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China > General information > Region and city guide > Shanghai Attractions and Sightseeing (Part 3)


The city’s newest district was, until 20 years ago, just marshy flatland.  However, with the opening of the economy in the 1980s, Shanghai, long neglected by the party for its bourgeois past, suddenly sprang to life and began expanding. The result is nothing short of spectacular and Shanghai’s skyline has taken on a new silhouette, which rivals that of Hong Kong, New York or Sydney.


Shanghai skyline

Pudong’s two most famous and dramatic structures, the Jinmao Tower and the space-rocket-like Pearl Oriental TV Tower manage to make various other impressive buildings fade into the background.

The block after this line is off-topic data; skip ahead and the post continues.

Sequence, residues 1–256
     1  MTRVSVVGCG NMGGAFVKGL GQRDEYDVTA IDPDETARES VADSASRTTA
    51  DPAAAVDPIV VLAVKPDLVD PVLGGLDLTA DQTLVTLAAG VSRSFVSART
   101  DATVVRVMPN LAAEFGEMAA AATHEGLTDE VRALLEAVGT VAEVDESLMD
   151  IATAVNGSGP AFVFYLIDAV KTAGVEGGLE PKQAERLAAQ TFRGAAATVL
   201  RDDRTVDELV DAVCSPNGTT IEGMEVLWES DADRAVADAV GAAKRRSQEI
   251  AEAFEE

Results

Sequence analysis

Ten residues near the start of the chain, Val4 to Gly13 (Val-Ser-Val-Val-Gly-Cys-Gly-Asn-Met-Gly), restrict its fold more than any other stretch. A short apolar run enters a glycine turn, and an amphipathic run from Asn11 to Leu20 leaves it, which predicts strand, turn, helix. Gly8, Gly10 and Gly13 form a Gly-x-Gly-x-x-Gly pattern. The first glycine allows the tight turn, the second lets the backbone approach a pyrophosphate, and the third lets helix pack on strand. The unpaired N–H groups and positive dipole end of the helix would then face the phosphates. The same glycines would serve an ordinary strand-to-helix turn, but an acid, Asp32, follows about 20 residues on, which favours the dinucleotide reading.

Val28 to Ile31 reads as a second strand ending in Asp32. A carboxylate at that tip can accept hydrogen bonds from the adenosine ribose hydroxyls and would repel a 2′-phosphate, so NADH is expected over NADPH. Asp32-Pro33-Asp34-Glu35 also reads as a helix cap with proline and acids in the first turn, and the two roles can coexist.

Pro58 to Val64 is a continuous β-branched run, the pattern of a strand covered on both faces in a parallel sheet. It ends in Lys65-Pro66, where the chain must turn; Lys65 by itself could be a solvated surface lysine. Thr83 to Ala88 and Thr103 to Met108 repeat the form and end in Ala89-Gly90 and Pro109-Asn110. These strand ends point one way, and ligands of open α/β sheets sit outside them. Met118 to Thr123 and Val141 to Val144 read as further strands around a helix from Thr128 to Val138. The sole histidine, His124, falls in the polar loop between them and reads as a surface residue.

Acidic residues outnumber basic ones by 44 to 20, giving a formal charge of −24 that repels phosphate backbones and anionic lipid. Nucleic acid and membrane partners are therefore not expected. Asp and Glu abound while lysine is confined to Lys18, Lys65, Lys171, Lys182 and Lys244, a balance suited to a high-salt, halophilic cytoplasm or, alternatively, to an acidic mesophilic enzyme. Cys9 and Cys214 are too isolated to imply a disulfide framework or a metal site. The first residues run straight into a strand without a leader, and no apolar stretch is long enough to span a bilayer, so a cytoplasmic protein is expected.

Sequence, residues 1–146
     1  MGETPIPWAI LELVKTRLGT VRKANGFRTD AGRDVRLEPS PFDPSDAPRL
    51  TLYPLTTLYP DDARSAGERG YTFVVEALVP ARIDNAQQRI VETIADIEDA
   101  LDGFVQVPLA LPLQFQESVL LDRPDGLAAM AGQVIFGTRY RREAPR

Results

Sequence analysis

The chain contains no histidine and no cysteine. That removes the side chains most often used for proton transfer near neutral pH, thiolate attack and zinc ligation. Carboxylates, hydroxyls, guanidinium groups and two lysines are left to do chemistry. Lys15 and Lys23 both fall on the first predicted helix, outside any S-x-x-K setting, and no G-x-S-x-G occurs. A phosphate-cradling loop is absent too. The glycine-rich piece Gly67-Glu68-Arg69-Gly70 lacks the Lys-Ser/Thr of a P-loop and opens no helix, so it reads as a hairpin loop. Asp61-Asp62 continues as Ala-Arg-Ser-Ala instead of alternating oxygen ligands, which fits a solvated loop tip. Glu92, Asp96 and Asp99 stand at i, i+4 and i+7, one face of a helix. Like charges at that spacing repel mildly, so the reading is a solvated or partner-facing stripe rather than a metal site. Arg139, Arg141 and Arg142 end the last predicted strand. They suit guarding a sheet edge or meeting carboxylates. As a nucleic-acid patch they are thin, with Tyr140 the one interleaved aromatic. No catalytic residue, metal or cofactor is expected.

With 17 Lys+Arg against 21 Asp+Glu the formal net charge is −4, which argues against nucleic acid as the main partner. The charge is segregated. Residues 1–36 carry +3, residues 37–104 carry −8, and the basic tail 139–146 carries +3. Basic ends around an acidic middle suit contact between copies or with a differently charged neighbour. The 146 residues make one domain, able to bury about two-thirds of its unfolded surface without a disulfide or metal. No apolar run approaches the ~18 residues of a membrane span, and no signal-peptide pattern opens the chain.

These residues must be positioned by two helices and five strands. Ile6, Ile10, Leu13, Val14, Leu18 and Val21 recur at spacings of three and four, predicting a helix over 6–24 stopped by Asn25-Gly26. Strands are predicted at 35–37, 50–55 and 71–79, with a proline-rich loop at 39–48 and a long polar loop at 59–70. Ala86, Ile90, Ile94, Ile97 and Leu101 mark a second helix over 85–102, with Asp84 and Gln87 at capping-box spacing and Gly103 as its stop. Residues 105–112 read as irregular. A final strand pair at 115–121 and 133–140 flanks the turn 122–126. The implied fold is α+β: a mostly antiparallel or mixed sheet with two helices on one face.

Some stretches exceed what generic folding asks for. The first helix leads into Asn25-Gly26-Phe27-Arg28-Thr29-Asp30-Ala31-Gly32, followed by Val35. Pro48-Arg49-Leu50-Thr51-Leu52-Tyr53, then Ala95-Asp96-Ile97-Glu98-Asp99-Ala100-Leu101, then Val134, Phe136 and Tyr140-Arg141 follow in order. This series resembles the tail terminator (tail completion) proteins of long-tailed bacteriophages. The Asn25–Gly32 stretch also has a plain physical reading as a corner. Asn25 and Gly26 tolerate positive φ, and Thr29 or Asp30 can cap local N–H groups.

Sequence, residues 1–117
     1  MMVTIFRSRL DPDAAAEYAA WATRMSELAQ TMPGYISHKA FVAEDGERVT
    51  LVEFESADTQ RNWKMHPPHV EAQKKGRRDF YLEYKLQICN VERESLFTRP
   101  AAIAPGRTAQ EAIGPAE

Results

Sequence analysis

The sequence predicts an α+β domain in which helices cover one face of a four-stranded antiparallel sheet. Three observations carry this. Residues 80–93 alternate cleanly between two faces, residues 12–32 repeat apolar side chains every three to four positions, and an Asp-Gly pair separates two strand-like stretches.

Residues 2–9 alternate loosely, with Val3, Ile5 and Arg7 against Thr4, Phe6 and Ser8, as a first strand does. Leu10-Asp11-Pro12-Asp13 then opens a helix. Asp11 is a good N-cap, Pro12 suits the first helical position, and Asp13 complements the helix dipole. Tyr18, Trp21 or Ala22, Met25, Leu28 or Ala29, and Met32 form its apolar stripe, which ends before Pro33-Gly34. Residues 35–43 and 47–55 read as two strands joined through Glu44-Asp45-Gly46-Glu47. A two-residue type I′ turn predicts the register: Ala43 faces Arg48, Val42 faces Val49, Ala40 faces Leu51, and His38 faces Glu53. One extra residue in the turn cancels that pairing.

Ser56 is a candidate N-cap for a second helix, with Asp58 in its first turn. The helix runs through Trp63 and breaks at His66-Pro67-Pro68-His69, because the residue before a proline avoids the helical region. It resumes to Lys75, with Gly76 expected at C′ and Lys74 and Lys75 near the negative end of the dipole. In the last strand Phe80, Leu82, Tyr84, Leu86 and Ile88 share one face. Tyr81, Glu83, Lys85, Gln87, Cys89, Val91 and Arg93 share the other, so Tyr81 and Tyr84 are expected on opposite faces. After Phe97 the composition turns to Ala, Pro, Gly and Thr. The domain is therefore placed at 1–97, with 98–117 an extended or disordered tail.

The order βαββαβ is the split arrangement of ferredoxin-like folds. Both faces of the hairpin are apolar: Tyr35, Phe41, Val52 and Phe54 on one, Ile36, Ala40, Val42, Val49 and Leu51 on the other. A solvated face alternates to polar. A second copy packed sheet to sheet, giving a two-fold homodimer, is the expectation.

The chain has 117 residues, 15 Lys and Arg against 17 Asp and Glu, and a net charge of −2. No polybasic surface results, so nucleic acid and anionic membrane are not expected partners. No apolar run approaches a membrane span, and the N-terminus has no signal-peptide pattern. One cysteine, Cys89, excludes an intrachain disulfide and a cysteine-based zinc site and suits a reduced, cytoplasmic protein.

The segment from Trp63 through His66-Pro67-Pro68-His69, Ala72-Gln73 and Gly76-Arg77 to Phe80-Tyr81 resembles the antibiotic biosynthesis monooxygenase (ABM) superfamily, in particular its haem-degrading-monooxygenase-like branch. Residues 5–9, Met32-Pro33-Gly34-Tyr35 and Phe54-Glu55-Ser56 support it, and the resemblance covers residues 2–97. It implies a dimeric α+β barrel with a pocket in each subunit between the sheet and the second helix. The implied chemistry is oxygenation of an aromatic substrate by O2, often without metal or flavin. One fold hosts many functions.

While ascending these towers is great for the ride and also gives 360-degree views, part of what makes
Shanghai’s skyline so impressive are these two super-tall buildings. When looking out from them, I always feel something is missing from the panorama!  


Shanghai skyline 


Next to the Jinmao, a new tower is rapidly climbing skywards and, when complete, the Shanghai World Financial Center, at 101 floors, will eclipse its neighbor (but not Taipei’s 101 Tower, the world’s highest). 


To appreciate the Bund from Pudong, take a walk along the Riverside Promenade which is lined with cafés which, while expensive, offers great views, especially when the sun sets and gives way to the evening lightshows (from 7 pm). The sights below can be reached by subway line #2 to Lujiazui. 


♥♥ Pearl Oriental TV Tower, 1 Shiji Dadao  

(daily 8 am- 10 pm; ¥35-100), Lujiazui subway, or the Bund Sightseeing Tunnel.

Shanghai’s signature building, completed in 1994 looks fresh from the set of a scifi movie. The three cylindrical concrete supports give the appearance that the space-rocket of a tower is poised for take-off, an apt metaphor for Shanghai’s explosive re-launch as China’s financial capital.